1. What do you think were the key moments in the history of the Gauss Friends?

This is an interesting question, because there were many important moments. 2005 was the Gauss Year, which gave rise to the idea. 2008 was the Year of Mathematics in Germany, which gave the final impetus for the foundation. 2009 was difficult, because a lot of organizational matters (statutes, general assembly, finding members etc.) had to be arranged. This was made even more difficult by the fact that we were foreigners and therefore did not know anything about things like German statute law. We rented a room in a pub in the Jakobsstraße and offered daily events there, but the expenses for the rent were significantly higher than the income from donations, so we had to quit in the end and the events took place at different places, e.g. in the Haus der Wissenschaft, where we celebrated Gauss’ birthday for the first time in 2009. After negotiations and talks with the Studentenwerk, the keys to Michaelishof, where the Gauss House is still located today, were handed over in January 2010, and the concept of the Gauss House could finally be properly implemented. On Gauss’ birthday on April 30th, 2010, the Gauss House was officially opened with a huge party and many guests from the city and the TU. In 2012, we received financial support from the International Office for the Patenprogramm (now Buddy Program) and at the end of the year the AStA Department for International Students became part of the concept, as did the Department for International Affairs two years later. In 2017 the cooperation with the Institute Z_SchuLe of the TU began. Last year there were two more important key moments with the publication of the book „Johanna & C.F. Gauss – Encounters of a Very Special Kind“ on the occasion of Gauss’ birthday and the award of the Federal Foreign Office for excellent support of international students.

  1. What are your personal Gauss highlights during the last 10 years?

The most beautiful moment for me personally was probably the opening of the Gauss House on April 30th, 2010, when I saw the sign with the inscription “Gauss Haus” after the celebration, which still hangs at the entrance of the Michaelishof. After that I woke up at night and asked myself if I was only dreaming.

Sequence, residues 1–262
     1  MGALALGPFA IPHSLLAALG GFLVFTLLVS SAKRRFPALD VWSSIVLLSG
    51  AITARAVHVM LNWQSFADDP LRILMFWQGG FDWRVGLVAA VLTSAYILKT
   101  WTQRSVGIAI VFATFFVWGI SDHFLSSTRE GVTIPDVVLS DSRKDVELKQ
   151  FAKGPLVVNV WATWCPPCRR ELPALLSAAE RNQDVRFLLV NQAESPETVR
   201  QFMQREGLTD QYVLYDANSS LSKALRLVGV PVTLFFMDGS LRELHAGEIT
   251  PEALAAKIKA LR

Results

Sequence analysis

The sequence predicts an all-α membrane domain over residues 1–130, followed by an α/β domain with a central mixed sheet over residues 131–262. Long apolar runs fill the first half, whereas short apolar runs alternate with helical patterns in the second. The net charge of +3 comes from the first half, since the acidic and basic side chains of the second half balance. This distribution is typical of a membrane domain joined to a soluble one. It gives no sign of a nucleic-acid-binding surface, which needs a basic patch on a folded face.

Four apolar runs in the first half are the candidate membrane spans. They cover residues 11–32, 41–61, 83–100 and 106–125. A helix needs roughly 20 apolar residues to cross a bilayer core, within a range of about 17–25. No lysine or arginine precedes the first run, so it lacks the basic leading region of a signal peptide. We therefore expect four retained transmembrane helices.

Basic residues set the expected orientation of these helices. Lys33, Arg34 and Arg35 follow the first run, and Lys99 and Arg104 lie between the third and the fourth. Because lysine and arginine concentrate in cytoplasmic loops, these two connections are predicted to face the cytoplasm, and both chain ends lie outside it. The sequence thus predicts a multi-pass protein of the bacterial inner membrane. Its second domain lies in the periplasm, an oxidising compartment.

1. What do you wish the Gauss Friends for the future of the association and the project?

The vision is the Gauss International Club, with its own room at the university and events several days a week, organised by a well-founded staff structure. A functioning digital concept with an app and interactive website is also desirable. The club should build bridges between people, not only at the university, but throughout the city. For this purpose a consistent financial support by the TU or by foundations etc. would be very helpful. So the direction is clear, but the infrastructure and permanent concepts are missing. The association is still dependent on individuals whose heart beats for bringing people and cultures together. If, in addition to motivated volunteers, experts are also involved, the concept can be continued sustainably. The overall goal is that the Gauss House in Braunschweig will provide the best support for international students nationwide and the best internationalisation at home.

  1. What makes the Gauss House special?

The special feature of the Gauss House is the familiar feeling and the mixture. The individual elements themselves are not unique, but the combination of different elements, i.e. the honouring of a historical personality in science, the building of bridges between cultures in a science-based milieu, the accompaniment of international guests in Braunschweig, and the internationalisation at home for German students and far beyond, is something very special. All of this was initiated and is organised by the international students themselves and not by an institution such as the university or the city, which also distinguishes the Gauss Friends.

  1. What is your favourite event in the gauss house?

I would definitely like to mention the Harz Hike, which we have been doing twice a year since 2008 and which I always attend. My other two favourite events have to do with Gauss, first of all the excursion to Göttingen on the anniversary of his death and also the celebration of Gauss’ birthday on 30 April with culture, fun and cake. And of course I also love every Tuesday evening in the Gauss House.

  1. What do you miss most about Braunschweig and the Gauss Friends?

I miss everything! The Gauss Haus is my family, my home and my soul. I have spent fifteen very intensive years of my life in Braunschweig and accordingly I associate a lot with this city that has shaped me a lot, where I realized many dreams and experienced a lot. I call myself a person without one specific home, but if I had one, it would be Braunschweig.